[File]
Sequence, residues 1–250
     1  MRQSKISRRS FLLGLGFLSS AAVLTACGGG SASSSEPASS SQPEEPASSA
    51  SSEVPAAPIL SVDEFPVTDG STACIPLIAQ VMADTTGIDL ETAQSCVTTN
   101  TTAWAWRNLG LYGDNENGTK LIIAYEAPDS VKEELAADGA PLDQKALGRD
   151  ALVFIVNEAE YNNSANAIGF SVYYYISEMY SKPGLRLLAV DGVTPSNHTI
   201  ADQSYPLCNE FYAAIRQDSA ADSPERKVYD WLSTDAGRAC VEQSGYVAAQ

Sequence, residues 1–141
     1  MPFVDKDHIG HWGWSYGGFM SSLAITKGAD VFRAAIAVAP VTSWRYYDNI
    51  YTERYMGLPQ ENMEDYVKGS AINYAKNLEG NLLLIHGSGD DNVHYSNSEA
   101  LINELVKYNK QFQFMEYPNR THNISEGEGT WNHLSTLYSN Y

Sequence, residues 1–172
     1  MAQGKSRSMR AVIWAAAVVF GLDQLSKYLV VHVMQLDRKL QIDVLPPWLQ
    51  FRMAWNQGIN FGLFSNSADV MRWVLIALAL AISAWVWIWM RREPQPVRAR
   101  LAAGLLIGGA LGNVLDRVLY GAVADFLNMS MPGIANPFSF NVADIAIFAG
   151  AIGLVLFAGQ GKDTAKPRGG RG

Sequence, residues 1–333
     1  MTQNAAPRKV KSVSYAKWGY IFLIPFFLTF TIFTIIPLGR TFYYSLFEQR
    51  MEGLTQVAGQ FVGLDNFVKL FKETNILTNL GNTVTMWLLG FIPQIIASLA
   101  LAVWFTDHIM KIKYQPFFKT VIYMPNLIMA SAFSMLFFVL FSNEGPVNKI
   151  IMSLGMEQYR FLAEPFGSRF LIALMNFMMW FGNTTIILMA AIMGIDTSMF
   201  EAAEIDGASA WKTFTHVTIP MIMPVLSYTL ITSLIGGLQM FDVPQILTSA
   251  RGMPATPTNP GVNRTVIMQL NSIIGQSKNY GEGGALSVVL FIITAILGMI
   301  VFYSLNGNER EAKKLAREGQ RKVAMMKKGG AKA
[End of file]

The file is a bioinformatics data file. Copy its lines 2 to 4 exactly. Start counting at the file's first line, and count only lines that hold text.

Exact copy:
     1  MRQSKISRRS FLLGLGFLSS AAVLTACGGG SASSSEPASS SQPEEPASSA
    51  SSEVPAAPIL SVDEFPVTDG STACIPLIAQ VMADTTGIDL ETAQSCVTTN
   101  TTAWAWRNLG LYGDNENGTK LIIAYEAPDS VKEELAADGA PLDQKALGRD